Erich Wolfgang Korngold (1897 - 1957)
Son of an eminent music critic in Vienna, Korngold showed great precocity and impressed even Mahler by his abilities. He had his first public success as an 11-year-old, with a ballet staged at the Vienna Court Opera. He moved to America at the invitation of Max Reinhardt in 1934 and made a career there as a film composer, returning after the war to his original métier as a composer for the concert hall but unable to regain a place in the opera house in a changed world.
Korngold won success in 1916 with his operas Violanta and The Ring of Polycrates. Still more successful was the opera Die tote Stadt (‘The Dead City’) first staged on the same evening in Hamburg and Cologne in 1920. The work is a dream-story, suggesting the work of Maeterlinck or Edgar Allan Poe, haunted by ideas of death. The opera was internationally successful and has recently been revived.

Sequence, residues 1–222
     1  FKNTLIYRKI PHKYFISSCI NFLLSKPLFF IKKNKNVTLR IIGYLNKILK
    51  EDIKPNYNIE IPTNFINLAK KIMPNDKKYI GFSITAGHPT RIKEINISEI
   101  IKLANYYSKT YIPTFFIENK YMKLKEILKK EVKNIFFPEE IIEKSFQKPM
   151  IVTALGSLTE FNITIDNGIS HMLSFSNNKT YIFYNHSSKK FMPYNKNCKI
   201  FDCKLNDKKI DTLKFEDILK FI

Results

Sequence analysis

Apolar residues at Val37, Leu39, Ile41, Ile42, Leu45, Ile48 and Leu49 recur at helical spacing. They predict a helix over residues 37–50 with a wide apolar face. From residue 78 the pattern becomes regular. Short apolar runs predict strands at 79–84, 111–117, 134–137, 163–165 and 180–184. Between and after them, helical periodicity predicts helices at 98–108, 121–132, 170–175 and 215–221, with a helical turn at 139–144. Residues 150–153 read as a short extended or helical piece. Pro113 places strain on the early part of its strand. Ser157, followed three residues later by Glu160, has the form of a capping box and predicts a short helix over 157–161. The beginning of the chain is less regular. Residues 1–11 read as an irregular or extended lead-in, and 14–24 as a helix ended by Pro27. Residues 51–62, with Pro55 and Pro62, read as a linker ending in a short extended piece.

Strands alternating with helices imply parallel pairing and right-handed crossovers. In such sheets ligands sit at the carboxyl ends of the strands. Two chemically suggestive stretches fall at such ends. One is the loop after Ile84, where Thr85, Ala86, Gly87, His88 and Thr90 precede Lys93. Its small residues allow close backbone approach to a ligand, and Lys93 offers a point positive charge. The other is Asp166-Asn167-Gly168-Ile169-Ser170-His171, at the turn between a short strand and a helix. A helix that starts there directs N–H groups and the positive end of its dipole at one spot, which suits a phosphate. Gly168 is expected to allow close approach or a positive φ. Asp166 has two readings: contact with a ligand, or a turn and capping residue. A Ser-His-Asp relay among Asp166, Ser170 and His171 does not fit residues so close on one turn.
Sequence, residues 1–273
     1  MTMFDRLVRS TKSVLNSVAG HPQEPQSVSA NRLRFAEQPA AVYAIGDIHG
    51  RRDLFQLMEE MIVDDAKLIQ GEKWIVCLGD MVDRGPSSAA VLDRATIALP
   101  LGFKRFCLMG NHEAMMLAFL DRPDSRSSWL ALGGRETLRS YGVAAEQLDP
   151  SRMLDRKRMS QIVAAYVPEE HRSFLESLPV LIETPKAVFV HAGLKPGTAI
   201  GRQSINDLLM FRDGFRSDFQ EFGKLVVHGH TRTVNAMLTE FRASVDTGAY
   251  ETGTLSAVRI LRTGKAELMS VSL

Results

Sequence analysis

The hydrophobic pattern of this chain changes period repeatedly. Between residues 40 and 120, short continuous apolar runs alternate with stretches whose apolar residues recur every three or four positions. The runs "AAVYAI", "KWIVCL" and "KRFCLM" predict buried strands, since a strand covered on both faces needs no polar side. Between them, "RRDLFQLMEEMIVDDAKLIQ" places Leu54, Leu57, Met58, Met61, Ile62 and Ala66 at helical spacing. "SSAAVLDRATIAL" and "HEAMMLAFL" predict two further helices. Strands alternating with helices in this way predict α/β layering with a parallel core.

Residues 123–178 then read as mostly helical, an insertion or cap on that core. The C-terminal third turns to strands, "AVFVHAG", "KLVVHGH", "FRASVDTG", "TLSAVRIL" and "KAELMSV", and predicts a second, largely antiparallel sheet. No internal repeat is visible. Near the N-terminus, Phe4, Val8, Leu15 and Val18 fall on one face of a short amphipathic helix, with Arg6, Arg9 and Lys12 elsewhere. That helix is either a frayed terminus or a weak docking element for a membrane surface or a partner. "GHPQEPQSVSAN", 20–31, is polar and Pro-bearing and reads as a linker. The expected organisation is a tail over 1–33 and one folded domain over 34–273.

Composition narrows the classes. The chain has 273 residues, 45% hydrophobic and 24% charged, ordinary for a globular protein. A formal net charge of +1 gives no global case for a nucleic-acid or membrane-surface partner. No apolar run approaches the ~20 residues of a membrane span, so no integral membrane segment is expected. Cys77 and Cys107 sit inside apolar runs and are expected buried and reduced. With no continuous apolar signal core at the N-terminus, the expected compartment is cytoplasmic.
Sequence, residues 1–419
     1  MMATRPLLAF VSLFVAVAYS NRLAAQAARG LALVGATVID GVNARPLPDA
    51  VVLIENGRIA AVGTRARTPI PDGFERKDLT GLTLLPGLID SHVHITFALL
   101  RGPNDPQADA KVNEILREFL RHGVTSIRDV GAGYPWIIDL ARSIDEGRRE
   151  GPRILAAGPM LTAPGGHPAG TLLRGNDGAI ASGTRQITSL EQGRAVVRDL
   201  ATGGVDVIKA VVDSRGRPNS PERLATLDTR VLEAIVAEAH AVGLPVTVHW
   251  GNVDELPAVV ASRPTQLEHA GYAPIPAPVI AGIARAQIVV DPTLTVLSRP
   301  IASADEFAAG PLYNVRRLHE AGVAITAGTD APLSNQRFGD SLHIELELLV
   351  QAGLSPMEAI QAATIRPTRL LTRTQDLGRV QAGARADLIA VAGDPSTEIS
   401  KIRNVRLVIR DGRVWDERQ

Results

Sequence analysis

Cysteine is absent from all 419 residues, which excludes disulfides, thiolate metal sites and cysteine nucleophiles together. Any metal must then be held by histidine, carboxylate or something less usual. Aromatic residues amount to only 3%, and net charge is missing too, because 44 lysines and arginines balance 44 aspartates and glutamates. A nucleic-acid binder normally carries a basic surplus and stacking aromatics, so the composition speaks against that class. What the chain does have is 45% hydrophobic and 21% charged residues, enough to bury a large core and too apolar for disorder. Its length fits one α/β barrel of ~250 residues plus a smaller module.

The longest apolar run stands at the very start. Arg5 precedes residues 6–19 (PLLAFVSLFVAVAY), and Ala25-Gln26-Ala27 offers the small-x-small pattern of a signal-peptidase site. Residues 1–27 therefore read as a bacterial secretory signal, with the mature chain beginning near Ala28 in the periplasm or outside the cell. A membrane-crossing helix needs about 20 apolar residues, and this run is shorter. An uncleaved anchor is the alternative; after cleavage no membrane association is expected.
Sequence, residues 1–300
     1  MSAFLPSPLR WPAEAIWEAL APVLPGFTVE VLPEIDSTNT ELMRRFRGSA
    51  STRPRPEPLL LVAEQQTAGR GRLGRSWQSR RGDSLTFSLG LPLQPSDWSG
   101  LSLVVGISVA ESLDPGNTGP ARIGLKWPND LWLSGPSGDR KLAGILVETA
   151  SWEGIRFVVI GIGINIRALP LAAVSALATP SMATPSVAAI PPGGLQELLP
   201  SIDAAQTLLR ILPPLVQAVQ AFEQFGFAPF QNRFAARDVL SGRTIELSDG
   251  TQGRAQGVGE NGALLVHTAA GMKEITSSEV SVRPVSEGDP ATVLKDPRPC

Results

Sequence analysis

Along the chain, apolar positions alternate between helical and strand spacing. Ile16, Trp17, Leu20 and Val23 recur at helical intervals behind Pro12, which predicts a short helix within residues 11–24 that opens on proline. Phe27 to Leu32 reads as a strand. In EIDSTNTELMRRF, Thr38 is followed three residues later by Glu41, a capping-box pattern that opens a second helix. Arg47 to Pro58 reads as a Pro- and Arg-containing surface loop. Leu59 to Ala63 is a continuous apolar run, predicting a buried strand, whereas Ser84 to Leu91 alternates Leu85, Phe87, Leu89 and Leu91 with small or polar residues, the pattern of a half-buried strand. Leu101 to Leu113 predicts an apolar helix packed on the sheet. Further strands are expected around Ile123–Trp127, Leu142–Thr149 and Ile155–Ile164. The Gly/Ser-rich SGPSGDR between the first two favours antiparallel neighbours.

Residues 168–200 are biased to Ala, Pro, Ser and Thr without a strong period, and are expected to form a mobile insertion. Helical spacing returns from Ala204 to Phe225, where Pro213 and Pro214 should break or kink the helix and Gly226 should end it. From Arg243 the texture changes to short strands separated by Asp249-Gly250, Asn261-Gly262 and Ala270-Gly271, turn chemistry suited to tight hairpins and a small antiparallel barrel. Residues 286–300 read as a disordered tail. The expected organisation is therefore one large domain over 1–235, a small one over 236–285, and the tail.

Korngold’s Violin Concerto, eventually written after the war, as the demands of Hollywood diminished, is Romantic in style and popular among performers since its first public rendition by Heifetz in 1947.
The music that Korngold wrote for the cinema has a distinction of its own, apart from the films for which it was written, and on occasions provided him with material for later use in another context.
Instrumental and Chamber Music
Korngold wrote his First Piano Sonata at the age of 12, adding a second soon after, with a third in 1930. The greater part of his chamber music was written before he left Germany.